Rishi Sunak branded 'patronising and out of touch' over interest-only mortgage advice

Why homeowners should weigh up the risks of interest-only mortgages.

Prime Minister Rishi Sunak leaves the Rupert and Lachlan Murdoch annual party at Spencer House, St James' Place in London. Picture date: Thursday June 22, 2023. (Photo by Victoria Jones/PA Images via Getty Images)
Rishi Sunak has been accused of not doing enough to help struggling homeowners. (Getty Images)

Rishi Sunak has insisted that raising interest rates again is a crucial component of tackling inflation, but has been branded out-of-touch with the pain faced by average homeowners.

The prime minister said he supported the Bank of England's move on Thursday to increase interest rates – by 0.5% to 5% – to their highest levels since the 2008 financial crash.

While this move may cause a headache for people paying off mortgages, the Sunak urged them to "hold their nerve".

Read more: Martin Lewis praises Jeremy Hunt's mortgage support plan

"Now we have the welfare system, there’s a support for mortgage scheme for people who are particularly vulnerable," he told the BBC's Sunday with Laura Kuenssberg programme.

"But for others they can talk to their bank, they can request and extension to their mortgage, or a switch to an interest-only mortgage.

"None of that will have an impact on their credit rating, and it will save them potentially hundreds of pounds per month on their mortgage payments."

However, Liberal Democrat leader Ed Davey called this "patronising advice" and said it showed how out of touch Sunak is with the pain faced by mortgage-holders.

"Struggling homeowners will be rightly furious after watching an out-of-touch prime minister who has no idea of the pain caused by rising mortgage rates," Davey said.

"Rishi Sunak's patronising advice to struggling families coping with the cost-of-living crisis shows why he is not up to the job. People need help, not a prime minister instructing them to hold their nerve."

Read more: Maybe a house price crash is just what our society needs

Liberal Democrat Treasury spokesperson Sarah Olney MP told Yahoo News: "Rishi Sunak and Jeremy Hunt are completely out of touch with reality if they think this will solve the unfolding mortgage crisis.

"People on the brink of losing their homes or left making heartbreaking decisions need real help. A targeted and effective Mortgage Support Fund will help those families most at risk. Sadly the government is just tinkering around the edges."

Green Party MP Caroline Lucas tweeted: "Total complacency from Sunak on spiralling economic crisis.

"Endlessly repeating we need to 'Hold our nerve – stick to the plan' does *nothing* to help families desperate to know how on earth they'll pay mortgages, rents, bills and shows how out of touch he is."

Watch: Sunak promises everything is 'going to be okay' despite interest rate rise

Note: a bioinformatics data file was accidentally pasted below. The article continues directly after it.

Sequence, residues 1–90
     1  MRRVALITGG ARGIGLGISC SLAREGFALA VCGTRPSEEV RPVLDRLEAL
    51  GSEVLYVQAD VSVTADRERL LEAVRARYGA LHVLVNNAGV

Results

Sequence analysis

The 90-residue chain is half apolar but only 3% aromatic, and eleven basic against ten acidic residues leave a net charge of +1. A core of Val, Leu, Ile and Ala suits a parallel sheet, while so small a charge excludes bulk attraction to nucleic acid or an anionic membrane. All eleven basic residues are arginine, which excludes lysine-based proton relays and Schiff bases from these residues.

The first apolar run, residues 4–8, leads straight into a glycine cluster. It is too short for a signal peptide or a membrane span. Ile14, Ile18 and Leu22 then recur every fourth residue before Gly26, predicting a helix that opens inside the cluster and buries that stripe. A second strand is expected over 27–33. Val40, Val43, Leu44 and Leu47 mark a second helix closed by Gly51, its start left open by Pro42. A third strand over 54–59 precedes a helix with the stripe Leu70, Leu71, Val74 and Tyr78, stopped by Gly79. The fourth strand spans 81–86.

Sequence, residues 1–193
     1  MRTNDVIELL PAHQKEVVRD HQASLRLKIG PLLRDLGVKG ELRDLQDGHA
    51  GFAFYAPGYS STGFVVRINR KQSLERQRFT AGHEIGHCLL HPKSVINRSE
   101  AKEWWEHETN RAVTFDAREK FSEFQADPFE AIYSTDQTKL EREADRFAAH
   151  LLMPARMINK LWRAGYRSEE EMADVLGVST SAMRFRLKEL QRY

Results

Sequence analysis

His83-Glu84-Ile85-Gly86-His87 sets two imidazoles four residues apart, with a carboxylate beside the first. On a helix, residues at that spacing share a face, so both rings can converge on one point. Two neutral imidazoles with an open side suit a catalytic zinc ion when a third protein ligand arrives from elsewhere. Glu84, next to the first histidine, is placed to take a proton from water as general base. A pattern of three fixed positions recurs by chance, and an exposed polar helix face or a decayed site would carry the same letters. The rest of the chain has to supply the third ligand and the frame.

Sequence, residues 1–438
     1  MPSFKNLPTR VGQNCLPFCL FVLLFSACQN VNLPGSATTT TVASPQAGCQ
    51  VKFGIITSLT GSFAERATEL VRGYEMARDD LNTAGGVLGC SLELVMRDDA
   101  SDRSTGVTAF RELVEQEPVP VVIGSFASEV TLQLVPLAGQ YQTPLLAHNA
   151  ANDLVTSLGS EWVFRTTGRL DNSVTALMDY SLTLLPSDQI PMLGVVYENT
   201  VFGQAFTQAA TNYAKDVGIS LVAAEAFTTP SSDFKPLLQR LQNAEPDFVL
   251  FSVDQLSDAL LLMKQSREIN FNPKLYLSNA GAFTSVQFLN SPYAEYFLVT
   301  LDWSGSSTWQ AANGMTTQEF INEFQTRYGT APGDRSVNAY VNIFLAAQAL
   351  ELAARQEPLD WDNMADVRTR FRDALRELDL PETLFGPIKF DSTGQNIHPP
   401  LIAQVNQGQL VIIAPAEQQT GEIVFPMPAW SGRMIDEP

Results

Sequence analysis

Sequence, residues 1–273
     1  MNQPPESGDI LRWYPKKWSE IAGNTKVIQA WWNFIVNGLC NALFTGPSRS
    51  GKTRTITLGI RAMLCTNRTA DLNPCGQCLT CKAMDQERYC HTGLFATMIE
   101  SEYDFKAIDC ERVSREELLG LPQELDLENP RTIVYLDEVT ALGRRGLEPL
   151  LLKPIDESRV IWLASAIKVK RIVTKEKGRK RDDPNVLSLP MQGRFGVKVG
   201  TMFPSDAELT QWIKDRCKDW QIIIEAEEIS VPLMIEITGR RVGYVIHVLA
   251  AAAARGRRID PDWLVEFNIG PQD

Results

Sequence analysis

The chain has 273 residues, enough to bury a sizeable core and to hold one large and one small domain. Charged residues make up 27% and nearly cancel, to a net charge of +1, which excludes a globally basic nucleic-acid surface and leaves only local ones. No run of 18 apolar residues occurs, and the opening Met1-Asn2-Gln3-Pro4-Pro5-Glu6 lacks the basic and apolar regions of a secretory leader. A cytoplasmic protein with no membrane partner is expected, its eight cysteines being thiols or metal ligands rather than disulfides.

That's not to say interest-only mortgages don't have their advantages, but there are a number of factors to consider before you sign up to one.

Here, Yahoo News explains what they are and how they work.

What are interest-only mortgages?

Interest-only mortgages require borrowers to pay back interest on the amount they were loaned each month until the mortgage term has ended.

After this, they have to start paying back the actual amount borrowed to buy their house.

This is different to a repayment mortgage where you have to repay both interest and a portion of the loan each month.

Read more: Jeremy Hunt agrees mortgage support measures with banks

Interest-only mortgages usually require you to pay one large lump-sum at the end of your mortgage term, so it's vital to save up throughout this period.

Why is it difficult to get an interest-only mortgage?

As lenders are relying on borrowers to pay back the cost of their loan all in one go at the end of the term, banks often see this as a risky type of loan.

For this reason, lenders will often want borrowers to set up what is known as a repayment vehicle – a method to repay a mortgage, such as an endowment policy, pension, sale of property, or a savings/investment plan.

A few years before the 2008 crash, lenders admitted that they'd lost track of who could repay these debts because they hadn't checked if payments were being made to repayment vehicles during the 1990s, The Guardian reported.

The risk to lenders might explain why interest-only loans are not nearly as common as they were before the housing bubble burst.

Rowhouses in the district of Stratford, in the East End of London, Borough of Newham. London, UK
Borrowers might appreciate the flexibility of interest-only mortgages, but there are risks to consider. (Getty Images)

What are the risks to borrowers?

While many people – particularly buy-to-let landlords – will benefit from the breathing space granted by low-repayments during their term, there are some potential pitfalls to consider.

As you pay interest on the full amount throughout the process, interest-only mortgages are often more expensive than more widely issued repayment mortgages.

There is also a risk that your repayment vehicle might not perform as well as you expected, leaving you in a difficult position at the end of term that might require you to sell your home.

Read more: Interest rates: When will UK’s mortgage misery end?

Ashton Berkhauer, home services and mortgages expert for MoneySuperMarket, said: "The total amount you owe is not reducing and will have to be paid off at some point in the future – so make sure you have a plan in place.

"Options to pay off the loan could include selling the property, switching to a repayment mortgage, making over-payments, or saving and investing elsewhere.

"Whichever route you choose, make sure you review your plan regularly, so that you know it will cover the amount you need when the time comes."